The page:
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I have historical data for my own calorie intake and weight over the past few years. I'd like to calculate my TDEE from this data. Can anyone point me towards an appropriate mathematical model? Googling around I've found some papers (like this) that predict future weight gain as a function of an increase in calorie intake, but I am not sure that is quite what I want -- I plan to continue measuring my weight and calorie intakes going forward, so I'm not interested in trying to project a long way into the future.

I am aware of this TDEE calculator that does something similar, but I'd like to get a better understanding of the math from first principles.

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You can't approximate TDEE, you can just throw random numbers. But you can actually calculate it with precision, Basal metabolic rate+calories burned through activity. You just need to register everything you do for a weak or even more, then get an average.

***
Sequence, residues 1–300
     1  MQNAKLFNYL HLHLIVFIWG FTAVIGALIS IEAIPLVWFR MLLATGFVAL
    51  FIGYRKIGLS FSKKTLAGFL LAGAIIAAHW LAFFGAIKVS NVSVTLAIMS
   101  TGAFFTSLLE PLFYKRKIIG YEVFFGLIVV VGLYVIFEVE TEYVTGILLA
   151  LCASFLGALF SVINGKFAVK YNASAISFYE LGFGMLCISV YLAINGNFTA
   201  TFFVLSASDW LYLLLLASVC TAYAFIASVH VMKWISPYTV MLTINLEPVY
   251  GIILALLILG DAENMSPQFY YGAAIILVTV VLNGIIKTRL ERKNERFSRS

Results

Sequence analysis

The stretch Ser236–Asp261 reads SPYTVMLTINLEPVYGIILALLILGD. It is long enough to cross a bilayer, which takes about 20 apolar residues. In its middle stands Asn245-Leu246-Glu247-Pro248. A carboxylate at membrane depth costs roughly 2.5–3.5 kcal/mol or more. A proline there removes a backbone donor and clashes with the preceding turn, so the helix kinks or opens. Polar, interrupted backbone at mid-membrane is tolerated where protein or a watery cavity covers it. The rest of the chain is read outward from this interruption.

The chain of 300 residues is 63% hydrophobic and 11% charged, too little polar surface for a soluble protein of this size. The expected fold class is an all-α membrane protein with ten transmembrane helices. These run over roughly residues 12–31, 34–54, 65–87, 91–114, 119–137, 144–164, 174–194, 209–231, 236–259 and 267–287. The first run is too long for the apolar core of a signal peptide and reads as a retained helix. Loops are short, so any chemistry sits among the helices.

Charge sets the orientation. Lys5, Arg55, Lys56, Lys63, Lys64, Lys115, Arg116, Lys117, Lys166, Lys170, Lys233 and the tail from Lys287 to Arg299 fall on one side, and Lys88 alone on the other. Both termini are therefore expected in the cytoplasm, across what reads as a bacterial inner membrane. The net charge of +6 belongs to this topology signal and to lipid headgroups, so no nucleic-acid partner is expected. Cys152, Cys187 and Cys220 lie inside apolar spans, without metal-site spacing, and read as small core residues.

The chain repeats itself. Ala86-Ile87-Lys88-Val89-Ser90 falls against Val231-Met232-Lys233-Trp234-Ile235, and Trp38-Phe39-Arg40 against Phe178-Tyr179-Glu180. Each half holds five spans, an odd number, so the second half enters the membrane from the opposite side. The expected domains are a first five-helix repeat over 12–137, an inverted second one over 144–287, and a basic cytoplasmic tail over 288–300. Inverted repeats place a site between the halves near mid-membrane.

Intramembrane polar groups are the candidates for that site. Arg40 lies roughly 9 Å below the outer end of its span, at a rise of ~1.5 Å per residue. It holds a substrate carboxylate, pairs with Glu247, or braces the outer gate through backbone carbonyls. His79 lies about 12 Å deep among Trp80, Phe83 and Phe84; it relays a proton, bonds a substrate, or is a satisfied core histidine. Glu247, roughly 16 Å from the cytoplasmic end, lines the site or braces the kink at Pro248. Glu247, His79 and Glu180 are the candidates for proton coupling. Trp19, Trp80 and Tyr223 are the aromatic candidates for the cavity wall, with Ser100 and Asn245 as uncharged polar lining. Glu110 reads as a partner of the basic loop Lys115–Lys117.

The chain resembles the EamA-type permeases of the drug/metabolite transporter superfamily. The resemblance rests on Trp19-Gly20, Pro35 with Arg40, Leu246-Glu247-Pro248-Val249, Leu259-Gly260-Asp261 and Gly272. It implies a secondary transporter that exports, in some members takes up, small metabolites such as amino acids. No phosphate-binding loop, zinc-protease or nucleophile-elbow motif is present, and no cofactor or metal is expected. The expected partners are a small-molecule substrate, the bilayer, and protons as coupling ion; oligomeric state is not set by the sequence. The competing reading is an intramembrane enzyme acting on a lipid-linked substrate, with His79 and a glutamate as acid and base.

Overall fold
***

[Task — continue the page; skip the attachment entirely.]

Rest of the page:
For example today I consumed 1677 kcals for BMR plus 273 kcals of running and roughly 70-73 kcals of weight training and 94 kcals of walking around.

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  • I have estimated calories burned through my fitbit but studies have shown that it can be off by as much as 40%: pubmed.ncbi.nlm.nih.gov/27015387. I think it would be more accurate to calculate it based on my weight + calorie intake if I had a good way to e.g. filter out the noise of swings in water weight. – Patrick Collins Jun 8 at 0:52

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